Everybody knows the health benefits of running. It’s one of the cheapest, easiest, and most effective forms of exercise out there, but it can also be pretty daunting — especially if you’ve never run a day in your life. The good news is that it’s never too late to start, and it’s also not nearly as difficult as it may seem. If you’re thinking about dusting off those running shoes, here are some tips to help you get started — and stick with it!
Set achievable goals
An important thing to do when you take up running is to decide what you want to get out of it. Are you running for fitness? Weight loss? To take up a new hobby? Do you want to run a 5K, or would you be happy with running for five minutes nonstop? Whatever you’re hoping to achieve, taking the time to think about your goals can be a crucial first step in getting started and staying motivated along the way.
Have realistic expectations
While goals can set you up for success, it's also important to moderate your expectations. Running a marathon is a great addition to your bucket list, but recognize that it’s not going to happen overnight. In fact, you might find yourself walking more than running in the beginning. Start with a more attainable goal, such as to finish a 5k, then slowly move up in distance and time goals. If you’re brand new to running, pushing yourself too hard can lead to injury, so it’s important to respect your body’s limits. Don’t expect to be good at it immediately; improvement, and even enjoyment, will come with time and practice.
Get the right equipment
You don’t need much to start running, but one thing you do need is a good pair of sneakers. In this case, good doesn’t always mean expensive — you shouldn’t be spending over $100 on your first pair — but it's important to get a pair that fit your feet and the way you run. To make sure you get the right shoe for you, seek out the help of a professional by visiting a specialty store.
Warm up to prevent injury
Like any form of exercise, it’s important to warm up a little before getting started, but make sure you’re not stretching cold. Stretching before warming up can actually put you at greater risk of injury, so save the static 30-second stretches for after your run. Instead, get started with a short, dynamic warm-up featuring bodyweight movements designed to get your blood pumping, increase your heart rate, and warm up your muscles. Jumping jacks and high knees are great warm-up exercises.
Start at your own pace
When you start running, go at a pace that feels comfortable. If you’re reasonably fit and used to cardiovascular exercise, this might be a gentle, continuous run. If you’re just starting your journey into the world of running, alternating between walking and running might be the right technique for you. A good rule of thumb is that you should be able to carry on a conversation while running. If you find yourself panting and out of breath, then you need to slow your pace.
Mix it up
Like any form of exercise, variety in your movements is key to building a well-rounded level of strength and fitness. To keep making progress, change up your routine now and then. This could mean varying your running route, taking your speed up a notch, or adding in some light interval training. If you usually run on a treadmill, try taking it outside once in a while. Maybe even consider incorporating some simple bodyweight exercises into your routine, like planking or push-ups.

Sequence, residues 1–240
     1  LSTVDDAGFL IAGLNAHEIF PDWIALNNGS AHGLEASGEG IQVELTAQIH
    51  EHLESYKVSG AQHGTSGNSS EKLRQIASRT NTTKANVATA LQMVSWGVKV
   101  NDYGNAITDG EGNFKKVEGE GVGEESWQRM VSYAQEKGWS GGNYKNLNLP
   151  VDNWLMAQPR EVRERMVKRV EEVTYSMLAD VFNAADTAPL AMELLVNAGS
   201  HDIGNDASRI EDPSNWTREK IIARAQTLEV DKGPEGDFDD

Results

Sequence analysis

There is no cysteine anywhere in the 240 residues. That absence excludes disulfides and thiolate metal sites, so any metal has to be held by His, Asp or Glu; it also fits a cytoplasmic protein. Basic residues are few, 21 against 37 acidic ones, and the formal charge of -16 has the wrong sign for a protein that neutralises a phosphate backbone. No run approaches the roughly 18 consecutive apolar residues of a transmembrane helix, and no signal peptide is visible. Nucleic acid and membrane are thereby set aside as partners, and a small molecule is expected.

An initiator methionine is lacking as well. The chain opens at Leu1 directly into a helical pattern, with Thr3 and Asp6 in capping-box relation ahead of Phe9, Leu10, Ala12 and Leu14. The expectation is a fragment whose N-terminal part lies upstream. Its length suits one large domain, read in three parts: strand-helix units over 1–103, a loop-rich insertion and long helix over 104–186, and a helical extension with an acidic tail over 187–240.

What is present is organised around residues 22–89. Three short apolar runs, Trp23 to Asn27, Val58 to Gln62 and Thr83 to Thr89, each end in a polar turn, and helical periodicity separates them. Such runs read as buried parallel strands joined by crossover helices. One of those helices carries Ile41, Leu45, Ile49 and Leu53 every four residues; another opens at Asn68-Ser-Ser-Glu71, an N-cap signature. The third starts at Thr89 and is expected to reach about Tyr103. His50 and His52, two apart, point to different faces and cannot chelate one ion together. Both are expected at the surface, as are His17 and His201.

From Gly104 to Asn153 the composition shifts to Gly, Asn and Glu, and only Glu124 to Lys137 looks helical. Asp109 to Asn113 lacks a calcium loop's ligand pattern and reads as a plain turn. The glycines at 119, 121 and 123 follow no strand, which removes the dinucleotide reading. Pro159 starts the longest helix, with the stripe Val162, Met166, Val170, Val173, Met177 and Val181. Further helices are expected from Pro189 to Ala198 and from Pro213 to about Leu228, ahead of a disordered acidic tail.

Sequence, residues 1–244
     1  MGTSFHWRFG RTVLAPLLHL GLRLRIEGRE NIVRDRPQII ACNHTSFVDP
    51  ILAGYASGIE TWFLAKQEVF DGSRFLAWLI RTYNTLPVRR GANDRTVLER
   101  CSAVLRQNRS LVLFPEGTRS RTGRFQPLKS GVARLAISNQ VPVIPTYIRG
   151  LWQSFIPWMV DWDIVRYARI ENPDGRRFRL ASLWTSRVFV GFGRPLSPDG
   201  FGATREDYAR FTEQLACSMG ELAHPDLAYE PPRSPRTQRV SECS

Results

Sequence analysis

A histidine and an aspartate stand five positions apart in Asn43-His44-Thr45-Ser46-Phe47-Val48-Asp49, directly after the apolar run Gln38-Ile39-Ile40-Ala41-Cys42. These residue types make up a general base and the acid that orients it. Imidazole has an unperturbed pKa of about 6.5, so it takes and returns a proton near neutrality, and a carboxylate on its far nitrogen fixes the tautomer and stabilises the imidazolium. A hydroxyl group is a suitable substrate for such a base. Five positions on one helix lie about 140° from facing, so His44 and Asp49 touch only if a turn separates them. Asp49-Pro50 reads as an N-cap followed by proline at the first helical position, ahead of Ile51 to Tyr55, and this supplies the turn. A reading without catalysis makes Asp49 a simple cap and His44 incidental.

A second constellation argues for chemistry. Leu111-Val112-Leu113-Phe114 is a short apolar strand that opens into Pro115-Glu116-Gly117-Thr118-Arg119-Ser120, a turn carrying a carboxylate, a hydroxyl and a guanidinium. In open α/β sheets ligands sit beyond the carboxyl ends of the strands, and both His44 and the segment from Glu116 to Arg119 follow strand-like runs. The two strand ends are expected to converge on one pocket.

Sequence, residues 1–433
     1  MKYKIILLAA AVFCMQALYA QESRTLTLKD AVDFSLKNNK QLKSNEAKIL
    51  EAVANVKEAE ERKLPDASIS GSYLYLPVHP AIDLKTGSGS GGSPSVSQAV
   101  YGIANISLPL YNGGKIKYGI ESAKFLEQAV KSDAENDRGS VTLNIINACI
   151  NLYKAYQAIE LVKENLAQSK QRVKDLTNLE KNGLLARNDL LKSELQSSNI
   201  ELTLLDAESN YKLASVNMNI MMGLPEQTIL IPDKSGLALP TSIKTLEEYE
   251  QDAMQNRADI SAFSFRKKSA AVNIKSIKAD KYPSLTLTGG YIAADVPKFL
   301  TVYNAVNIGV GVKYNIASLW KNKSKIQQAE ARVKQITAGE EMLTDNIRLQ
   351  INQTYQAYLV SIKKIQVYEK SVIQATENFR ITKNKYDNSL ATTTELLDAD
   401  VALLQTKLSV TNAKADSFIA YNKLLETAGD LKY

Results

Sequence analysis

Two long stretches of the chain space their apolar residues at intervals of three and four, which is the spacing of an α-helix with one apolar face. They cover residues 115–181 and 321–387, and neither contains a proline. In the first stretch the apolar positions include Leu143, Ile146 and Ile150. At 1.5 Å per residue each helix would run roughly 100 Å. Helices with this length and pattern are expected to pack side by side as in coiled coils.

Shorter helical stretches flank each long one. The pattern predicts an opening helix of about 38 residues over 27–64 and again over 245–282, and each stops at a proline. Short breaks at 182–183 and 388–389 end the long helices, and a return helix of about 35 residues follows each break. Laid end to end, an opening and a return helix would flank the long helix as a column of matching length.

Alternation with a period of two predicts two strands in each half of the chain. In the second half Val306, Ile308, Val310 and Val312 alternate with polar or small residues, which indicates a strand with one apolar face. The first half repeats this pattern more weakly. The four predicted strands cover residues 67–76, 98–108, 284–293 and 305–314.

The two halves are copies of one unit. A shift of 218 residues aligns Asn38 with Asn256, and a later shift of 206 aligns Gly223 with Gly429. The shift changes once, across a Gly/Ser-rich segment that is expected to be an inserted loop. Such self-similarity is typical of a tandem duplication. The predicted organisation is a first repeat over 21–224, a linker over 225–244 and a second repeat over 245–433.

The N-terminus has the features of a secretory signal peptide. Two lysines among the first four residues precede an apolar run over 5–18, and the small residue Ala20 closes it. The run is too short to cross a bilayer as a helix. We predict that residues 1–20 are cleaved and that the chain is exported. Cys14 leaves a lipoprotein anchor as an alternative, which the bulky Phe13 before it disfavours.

Slowly increase the challenge
The key word here is slowly! While we all want to see results, adding on too much too fast may lead to setbacks down the road. If you want to increase your speed or the length of your runs, do it gradually. Instead of pushing yourself further every single time you run, try adding on a mile to your run every week or two, and sticking to one longer run per week.
Consistency is the key to establishing any new habit, and running is no exception. If you can, try to run on the same days, or at the same time each day. Even something as simple as listening to the same workout music can help create a routine. Running two to three days per week is enough for a beginner; as your fitness improves, you might increase that to four or five times. Make sure you’re scheduling rest days, as well — taking time off for your body to recover is just as important.
A great way to keep motivated is to use or build your support system. Run with friends, or look for running groups near you to find like-minded buddies. If you prefer to run alone, keep yourself accountable by telling other people about your goals. Signing up for a 5K or casual park run is another great way to stay driven and make running a little more fun. Using an app — or a diary, if you prefer pen and paper — to track your progress is another surefire pick-me-up for those days when you need a little extra encouragement.
Finally, don’t forget to reward yourself when you accomplish something! Whether it’s a relaxing bubble bath after a run, a pamper session on one of your rest days, or a special treat for achieving a larger goal, rewarding hard work is an important part of maintaining good physical and mental health. Working toward a reward can also be highly motivating.